Don't victimize me, bro by @BloggersRUs

Don't victimize me, bro

by Tom Sullivan

Plenty of victimhood going around on this Labor Day.

"Being a conservative is all about grievances," LOLGOP writes at Electablog. That is why Donald Trump's complaints about Hugh Hewitt's gotcha questions, rather than hurting him, play right into the sentiments of his base:

To be a conservative enduring the regime of Barack Obama and facing the end of the end of white Americans making up the majority of population is to be a person who is justifiably pissed at everything.

Jonah Goldberg is pissed at the Trump "cargo cult" masquerading as conservatism. He's got a list of grievances about how Trump represents "the corrupting of conservatives." The movement isn't about politicians or even about self-interest. It is about "shaping a conservative electorate that lines up the incentives so that politicians define their self-interest in a conservative way."

Except the conservative movement has suckered shaped the electorate for decades by feeding its base a steady diet of bluster and bullshit (as Paul Krugman again points out this morning). It's what the base has been taught to like. It's what they've been taught to want. Trump is just better at delivering it than mainstream conservatives (if that term has any meaning left).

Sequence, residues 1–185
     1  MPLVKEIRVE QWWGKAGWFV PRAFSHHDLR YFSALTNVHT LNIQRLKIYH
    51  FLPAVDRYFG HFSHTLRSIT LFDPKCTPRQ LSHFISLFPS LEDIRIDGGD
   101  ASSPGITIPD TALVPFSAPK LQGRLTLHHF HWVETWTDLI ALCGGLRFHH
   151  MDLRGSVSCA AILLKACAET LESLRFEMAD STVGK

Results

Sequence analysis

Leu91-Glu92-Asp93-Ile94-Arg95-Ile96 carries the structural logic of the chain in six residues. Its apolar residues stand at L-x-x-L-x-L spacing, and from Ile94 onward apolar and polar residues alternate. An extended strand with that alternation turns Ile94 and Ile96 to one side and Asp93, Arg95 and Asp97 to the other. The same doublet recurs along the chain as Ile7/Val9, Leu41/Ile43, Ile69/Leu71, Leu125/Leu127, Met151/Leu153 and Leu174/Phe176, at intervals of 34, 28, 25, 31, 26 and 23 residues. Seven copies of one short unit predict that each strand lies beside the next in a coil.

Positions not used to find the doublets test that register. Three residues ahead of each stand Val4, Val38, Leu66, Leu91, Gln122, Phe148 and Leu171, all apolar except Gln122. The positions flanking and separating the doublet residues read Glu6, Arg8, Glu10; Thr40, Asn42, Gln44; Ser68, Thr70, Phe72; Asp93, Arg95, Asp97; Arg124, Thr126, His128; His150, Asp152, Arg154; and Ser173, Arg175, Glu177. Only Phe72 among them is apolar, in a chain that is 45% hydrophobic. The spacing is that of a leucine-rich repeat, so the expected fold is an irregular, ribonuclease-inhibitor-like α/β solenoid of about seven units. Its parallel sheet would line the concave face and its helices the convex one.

By riding instead of manipulating public opinion like a proper conservative, Trump makes a mockery of conservatism. Goldberg complains: Trump the populist is running on popularity rather than principle; the megalomaniac has no character; he doesn't care enough about the country to even do his homework, as if homework is for losers.

In this, Trump's cargo cult seems to have embraced the supposed attitude towards education among "inner city" youth that conservatives have condemned for years. In this, conservatives are on track to elect a president in the mold of the famous pool hustler, Minnesota Fats. "Practice is for suckers." "Modesty is for suckers." "Keeping score is for suckers." Feeling pressure? "Pressure's for suckers."

Movement conservatives have long capitalized on low-information voters to get what they want. Matt Taibbi looks at how that is coming back to bite them:

Republicans won middle American votes for years by taking advantage of the fact that their voters didn't know the difference between an elitist and the actual elite, between a snob and an oligarch. They made sure their voters' idea of an elitist was Sean Penn hanging out with Hugo Chavez, instead of a Wall Street bank financing the construction of Chinese factories.

Trump similarly is scoring points with voters who don't know the difference between feeling sorry for themselves and actually being victims. We live in a society that is changing for a lot of reasons, and some of those changes feel annoying to certain kinds of people, particularly older white folks who don't like language-policing and other aspects of political correctness.

The 2016 election may be, at least for conservatives, Taibbi writes, a "referendum on white victimhood." Well, there are plenty of victims to go around.